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The draft amendment to the Trust Act (the "Proposed Amendment") was released on October 27, 2009. The Proposed Amendment is aimed at overhauling the existing Trust Act which is often criticized as being outdated and inadequate for resolving many legal and practical issues currently faced in the areas of trust law. The adoption of the Proposed Amendment, which was triggered by the recent enactment of the Financial Investment Service and Capital Markets Act (which has consolidated multiple legislations (including the Trust Business Act) into one legislation), is considered a much awaited progress in the areas of trust law and a step towards finally achieving alignment with Korea's current legal, economic and financial landscape which has undergone substantial changes since the first enactment of the existing Trust Act in 1961. Among the criticisms faced by the existing Trust Act include the lack of certainty and clarity on the issues relating to what constitutes a "fraudulent trust". Such lack of certainty and clarity was viewed as one of the key factors undermining the stability and feasibility of real estate trust projects, which were actively pursued in tandem with the development of the project financing (or PF) markets in Korea (which often utilized a collateral trust arrangement) in the aftermath of the Asian financial crisis. In addition to such criticism, the existing Trust Act was viewed as failing to keep pace with the practical needs and demands of participants in transactions which resort to a collateral trust arrangement, thereby arousing many debates and controversies among legal scholars and practitioners as to how to address a widening gap between the legal framework offered by the existing Trust Act and the commercial reality. To illustrate, the existing Trust Act was regarded as particularly problematic in that it allowed for the exercise of the right of revocation of a trust in circumstances where the parties involved in such trust (namely, the trustee and the beneficiary) acted in good faith. The fact that the right of revocation of a trust could be exercised against a bona fide trustee or beneficiary for value meant that these parties could be placed in a precarious position in the absence of any fault of their own. The lack of clarity on the extent of the restoration of the original trust asset also resulted in the inability of the existing Trust Act to properly regulate or streamline the conflicting interests among the parties to a commercial trust (including the trustee and the beneficiary (especially financial institutions acting as lenders in a PF project)). Under the existing Trust Act, the status of the beneficiary was considered unclear and this aroused many questions as to whether it would be possible to exercise the right of revocation of a trust against the beneficiary. A growing consensus on the need to address many criticisms faced by, and loopholes inherent in, the existing Trust Act culminated in the drafting of the Proposed Amendment (in particular, Article 8 of the existing Trust Act, which was fraught with many legal and practical issues). Under the Proposed Amendment, some of the problems illustrated above were addressed such that (i) more flexibility is offered to the party exercising the right of revocation of a trust as such party is able to choose the counterparty it wants revoked (i.e., either the trustee or the beneficiary); (ii) certain restrictions are imposed on the exercise of the right of revocation in circumstances where the parties involved in the relevant trust are bona fide trustee or beneficiary for value; (iii) (in the case where the relevant trust is revoked for being fraudulent) certain restrictions were imposed on the extent of recovery of trust assets from the bona fide trustee without value; (iv) certain liability(ies) are imposed on the party who established a trust (the "Company")(which is subject to revocation for being fraudulent) to ensure that a bona fide party involved in such trust would be protected from any loss or damage in the absence of any fault of its own; (v) (in the case where the relevant trust is not revoked despite being fraudulent due to the presence of bona fide trustee or beneficiary for value) the relevant creditors would be protected in that they would be able to claim recovery of trustee fees or return of beneficial certificates from the relevant parties (such as a non-bona fide trustee or beneficiary or bona fide trustee or beneficiary without value); and (vi) certain obligations to compensate the creditors are imposed on the trustee or beneficiary who established a "fraudulent trust" in collaboration with the Company. As highlighted above, the Proposed Amendment would help alleviate many chronic problems encountered by participants to a commercial trust in practice. The Proposed Amendment, once adopted, will be a catalyst for the long-term stabilization and development of the Korean trust markets as the process of establishing a trust or undertaking a real estate trust project would become more straightforward and less prone to legal and practical uncertainties.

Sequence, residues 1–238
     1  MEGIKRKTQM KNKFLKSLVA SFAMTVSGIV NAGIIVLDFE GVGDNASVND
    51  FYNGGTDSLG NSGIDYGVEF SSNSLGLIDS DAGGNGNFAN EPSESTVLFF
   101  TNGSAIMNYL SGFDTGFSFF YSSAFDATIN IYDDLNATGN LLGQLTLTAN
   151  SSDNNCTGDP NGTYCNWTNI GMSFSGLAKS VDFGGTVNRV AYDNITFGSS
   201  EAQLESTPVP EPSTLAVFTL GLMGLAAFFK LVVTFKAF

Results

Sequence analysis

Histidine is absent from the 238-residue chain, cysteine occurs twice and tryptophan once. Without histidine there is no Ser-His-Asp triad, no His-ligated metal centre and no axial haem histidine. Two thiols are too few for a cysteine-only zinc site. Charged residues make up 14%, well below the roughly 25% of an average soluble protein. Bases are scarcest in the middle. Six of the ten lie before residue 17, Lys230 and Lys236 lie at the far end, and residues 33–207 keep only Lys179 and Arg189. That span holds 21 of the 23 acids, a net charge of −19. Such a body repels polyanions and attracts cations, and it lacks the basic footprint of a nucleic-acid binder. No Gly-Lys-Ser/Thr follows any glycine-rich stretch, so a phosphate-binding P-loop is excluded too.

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fraudulent trust, amendment of the Trust Act, Proposed Amendment, right of revocation of trust, real estate trust